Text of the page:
Bacterial infection remains a leading cause of mortality and morbidity for patients with cirrhosis, with hospitalization, alterations in the intestinal microbiota, and therapeutic drugs all implicated in its development. Bacterial infections also remain the most common precipitant of acute-on-chronic liver failure, with infection occurring as a direct consequence of the progression of this syndrome. Furthermore, recent epidemiological analyses have demonstrated that infections due to multidrug-resistant bacteria are occurring with increasing frequency in patients with cirrhosis. Despite significant advances in the understanding of the pathophysiological processes triggered by an infection in patients with cirrhosis, a demonstrable survival benefit for the sickest patients who require ICU admission has not yet occurred. Early diagnosis of infection and appropriate antimicrobial treatment is essential to ensuring optimal outcomes for these patients. This review provides an evidence-based analysis of both the current strategies for prevention and the recommended management of common bacterial infections in patients with cirrhosis.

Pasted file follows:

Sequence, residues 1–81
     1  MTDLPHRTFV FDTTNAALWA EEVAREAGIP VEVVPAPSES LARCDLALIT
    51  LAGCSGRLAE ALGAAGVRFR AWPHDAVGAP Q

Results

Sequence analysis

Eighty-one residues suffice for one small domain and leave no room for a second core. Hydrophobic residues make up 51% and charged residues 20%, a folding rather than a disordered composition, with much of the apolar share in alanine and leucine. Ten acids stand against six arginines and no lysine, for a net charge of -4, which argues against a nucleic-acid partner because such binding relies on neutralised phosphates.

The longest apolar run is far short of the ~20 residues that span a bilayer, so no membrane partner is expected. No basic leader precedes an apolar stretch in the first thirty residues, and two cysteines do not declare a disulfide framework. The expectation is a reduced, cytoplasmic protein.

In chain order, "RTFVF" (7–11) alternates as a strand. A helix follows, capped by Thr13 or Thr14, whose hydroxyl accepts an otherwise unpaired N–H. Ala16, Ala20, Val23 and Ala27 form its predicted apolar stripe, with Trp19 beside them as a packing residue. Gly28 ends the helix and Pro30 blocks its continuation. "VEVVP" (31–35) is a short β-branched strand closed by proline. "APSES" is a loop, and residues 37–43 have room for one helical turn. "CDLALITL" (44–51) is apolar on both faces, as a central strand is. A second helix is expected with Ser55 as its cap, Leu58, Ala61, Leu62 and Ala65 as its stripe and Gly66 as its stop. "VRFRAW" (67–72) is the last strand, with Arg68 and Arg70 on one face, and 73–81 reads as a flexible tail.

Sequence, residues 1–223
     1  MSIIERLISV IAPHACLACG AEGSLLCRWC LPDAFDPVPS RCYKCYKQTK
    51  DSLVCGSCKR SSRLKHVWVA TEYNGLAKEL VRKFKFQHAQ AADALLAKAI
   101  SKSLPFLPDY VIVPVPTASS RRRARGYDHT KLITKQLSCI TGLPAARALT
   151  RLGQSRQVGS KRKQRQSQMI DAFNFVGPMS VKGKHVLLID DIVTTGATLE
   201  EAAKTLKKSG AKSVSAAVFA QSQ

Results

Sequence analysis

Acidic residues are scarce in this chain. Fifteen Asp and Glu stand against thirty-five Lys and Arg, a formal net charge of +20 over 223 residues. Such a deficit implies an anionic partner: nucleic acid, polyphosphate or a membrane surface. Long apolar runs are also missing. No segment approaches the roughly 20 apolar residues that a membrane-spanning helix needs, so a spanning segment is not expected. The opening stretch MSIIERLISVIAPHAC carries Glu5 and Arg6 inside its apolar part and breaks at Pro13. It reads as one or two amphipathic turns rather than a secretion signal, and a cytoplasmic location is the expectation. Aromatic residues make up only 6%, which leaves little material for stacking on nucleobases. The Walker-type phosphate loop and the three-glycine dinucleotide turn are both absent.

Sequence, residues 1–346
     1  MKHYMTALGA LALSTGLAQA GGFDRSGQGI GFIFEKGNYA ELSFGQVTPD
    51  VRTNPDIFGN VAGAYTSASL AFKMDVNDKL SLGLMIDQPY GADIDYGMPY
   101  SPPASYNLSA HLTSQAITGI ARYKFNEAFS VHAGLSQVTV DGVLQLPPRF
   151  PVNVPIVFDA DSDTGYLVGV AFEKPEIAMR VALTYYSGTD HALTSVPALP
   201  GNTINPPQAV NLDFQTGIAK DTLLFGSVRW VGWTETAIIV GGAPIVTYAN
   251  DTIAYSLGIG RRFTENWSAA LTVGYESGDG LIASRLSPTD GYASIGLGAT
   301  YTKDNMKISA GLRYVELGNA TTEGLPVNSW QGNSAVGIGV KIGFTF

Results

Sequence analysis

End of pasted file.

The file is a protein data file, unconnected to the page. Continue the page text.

- Prophylactic antibiotics
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